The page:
Saving money in the modern age seems a daunting task when we consider the wide range of options available to us — but using a Spousal IRA has proven to be a simple, yet productive way for couples to save money effectively.
It’s essential to understand what this financial instrument is, as well as the various benefits it provides that other savings accounts do not. Let’s take a deeper dive into this underrated way to save.
The basic rundown:
Simply put, a Spousal IRA allows one spouse to contribute to an IRA in their name for the benefit of their married partner. It is an an individual retirement account that allows couples to save money on a tax-deferred basis. The contribution limit is the same as for an individual IRA, and the money grows tax-deferred (or tax-free in the case of a Roth Spousal IRA).
Why is it better than a standard IRA?
With a run-of-the-mill IRA, you are unable to contribute to it unless you earn an income in a given year. However with a Spousal IRA, each spouse in a couple can contribute up to the maximum amount even if only one of them earns an income. The working spouse contributes to the IRA on behalf of their non-working spouse — all the way up to the contribution limit if possible.
Take the Johnson family. Mum earns $75,000 but can only contribute $6000 to her individual Roth IRA. However by taking advantage of Spousal IRA rules, she can put an additional $6000 into Dad’s individual Roth IRA.
Hence if you’re a spouse that doesn’t work, a Spousal IRA can allow you to contribute to a traditional or Roth IRA — provided you file a joint tax return with your working spouse. It seems an ideal option for couples where one spouse is a stay-at-home parent.
The two types of Spousal IRA’s
There are two types of Spousal IRAs — traditional and Roth. With the traditional one, contributions are made with pretax dollars and grow tax-deferred. This means that taxes are not owed on the account until withdrawals are made in retirement.
With a Roth Spousal IRA, contributions are made with after-tax dollars and grow tax-free. This means that taxes have already been paid on the account and no taxes are owed when withdrawals are taken in retirement.
Everyone pays tax. Even employers have to generate a W-2 form and pay employment tax for employees they hire. Having the opportunity to save money on taxes using these two types of Spousal IRA’s is priceless. It builds up brick by brick and — before you know it — you’re looking at a very successful retirement stockpile for you and your spouse.
The best way to decide which type of Spousal IRA is right for you is to speak with a financial advisor. They can help you determine what your specific goals are and how best to achieve them using this powerful tool.
The benefits of using a Spousal IRA:
1) Tax savings — As mentioned above, both traditional and Roth Spousal IRAs offer couples the opportunity to save on taxes now or later in retirement.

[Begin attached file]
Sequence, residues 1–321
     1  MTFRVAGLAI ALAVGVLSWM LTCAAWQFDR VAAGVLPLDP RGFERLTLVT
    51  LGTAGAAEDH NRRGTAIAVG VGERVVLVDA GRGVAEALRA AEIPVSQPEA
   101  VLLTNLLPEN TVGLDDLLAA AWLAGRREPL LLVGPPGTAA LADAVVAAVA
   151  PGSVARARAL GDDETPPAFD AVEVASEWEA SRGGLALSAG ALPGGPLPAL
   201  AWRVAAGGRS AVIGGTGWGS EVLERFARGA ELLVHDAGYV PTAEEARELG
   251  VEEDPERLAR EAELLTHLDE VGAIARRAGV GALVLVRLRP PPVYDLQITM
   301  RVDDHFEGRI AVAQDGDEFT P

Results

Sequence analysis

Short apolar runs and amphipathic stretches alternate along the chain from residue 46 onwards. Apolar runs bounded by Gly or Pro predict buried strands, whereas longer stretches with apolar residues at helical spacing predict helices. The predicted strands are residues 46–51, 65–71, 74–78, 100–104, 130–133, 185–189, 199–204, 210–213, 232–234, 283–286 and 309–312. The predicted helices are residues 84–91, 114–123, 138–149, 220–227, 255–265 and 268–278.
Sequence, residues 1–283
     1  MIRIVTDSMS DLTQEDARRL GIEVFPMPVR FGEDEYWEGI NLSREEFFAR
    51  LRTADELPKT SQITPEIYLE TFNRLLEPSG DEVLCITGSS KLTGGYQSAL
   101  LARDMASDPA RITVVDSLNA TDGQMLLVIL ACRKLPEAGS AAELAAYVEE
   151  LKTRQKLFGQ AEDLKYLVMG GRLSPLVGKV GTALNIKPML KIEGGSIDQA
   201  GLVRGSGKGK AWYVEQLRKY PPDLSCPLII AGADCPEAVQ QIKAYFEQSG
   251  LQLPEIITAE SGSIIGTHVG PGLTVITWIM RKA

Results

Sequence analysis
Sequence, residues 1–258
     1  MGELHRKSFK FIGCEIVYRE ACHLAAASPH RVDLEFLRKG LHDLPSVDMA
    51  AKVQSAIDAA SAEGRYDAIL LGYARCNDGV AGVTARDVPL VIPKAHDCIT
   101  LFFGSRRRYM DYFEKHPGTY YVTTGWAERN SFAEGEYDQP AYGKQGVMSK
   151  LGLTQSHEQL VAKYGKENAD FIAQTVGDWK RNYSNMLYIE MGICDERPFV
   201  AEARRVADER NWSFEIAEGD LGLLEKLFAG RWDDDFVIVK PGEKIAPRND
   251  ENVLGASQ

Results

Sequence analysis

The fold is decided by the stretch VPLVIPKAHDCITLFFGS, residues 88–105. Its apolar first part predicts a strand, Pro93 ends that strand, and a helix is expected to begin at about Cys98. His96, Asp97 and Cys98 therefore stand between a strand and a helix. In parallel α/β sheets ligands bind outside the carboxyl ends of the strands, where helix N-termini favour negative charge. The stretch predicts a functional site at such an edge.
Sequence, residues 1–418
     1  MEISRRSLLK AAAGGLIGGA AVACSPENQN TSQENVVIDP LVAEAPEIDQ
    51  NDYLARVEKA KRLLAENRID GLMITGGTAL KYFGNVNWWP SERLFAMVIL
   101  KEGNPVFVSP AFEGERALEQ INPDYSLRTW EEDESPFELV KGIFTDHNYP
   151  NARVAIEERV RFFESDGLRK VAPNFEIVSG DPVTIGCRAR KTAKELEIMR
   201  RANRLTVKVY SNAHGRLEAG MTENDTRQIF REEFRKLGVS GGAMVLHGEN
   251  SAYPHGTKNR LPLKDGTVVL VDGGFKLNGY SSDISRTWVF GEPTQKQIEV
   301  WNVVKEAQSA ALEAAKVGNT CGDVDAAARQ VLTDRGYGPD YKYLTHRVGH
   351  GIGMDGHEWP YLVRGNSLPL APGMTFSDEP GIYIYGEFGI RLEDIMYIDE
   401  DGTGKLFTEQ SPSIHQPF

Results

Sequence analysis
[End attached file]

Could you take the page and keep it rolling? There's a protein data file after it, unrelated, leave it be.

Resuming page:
2) Simplicity — a Spousal IRA can be set up easily and does not require any special paperwork beyond what is needed for an individual IRA.
3) Flexibility — stay-at-home parents can benefit from Spousal IRA’s as it provides another mini tax haven to stash your cash for the future.
Making money from your day job is great, receiving your 1099 form with your extra non-employment income is even better; but no matter how much money you make — what you do with your income is even more important. The benefits above demonstrate that saving your money within a Spousal IRA seems an intelligent idea.
What to keep in mind:
1) The contribution limit for spousal IRA’s is identical to any other IRA: $6,000 (or $7,000 if you’re over age 50). This leads to the following Spousal IRA rules:
- A couple where only one spouse works can contribute up to $12,000 per year.
- If one spouse is 50 or older, then this increases to $13,000 per year.
- If both are 50 or older, then the maximum amount is $14,000 per year.
2) Withdrawals from a traditional Spousal IRA are subject to income taxes, while withdrawals from a Roth Spousal IRA are tax-free.
3) The Spousal IRA is NOT a joint account. It is a set of IRS rules that permits a spouse that doesn’t work to fund an individual retirement account.
How to get started with a Spousal IRA:
1) Both spouses set up an IRA and contribute the maximum amount each year using the working spouse’s income. If both of you already have an IRA, then it’s a simple ask to switch it to a Spousal IRA.
2) The money in the account grows tax-deferred (or tax-free in the case of a Roth IRA) until it is withdrawn in retirement.
3) Look after your expenses, gradually contribute to your income over the years, and watch your money grow!
Sounds simple enough? It is. Managing your money well can be a simple, and even fun process when you do the right research and come across that one brilliant idea. Spousal IRA’s might just be that one method where there is little downside with significant upside. Consider the contents of this article and get started with your own Spousal IRA if you feel it can help in your journey to save more.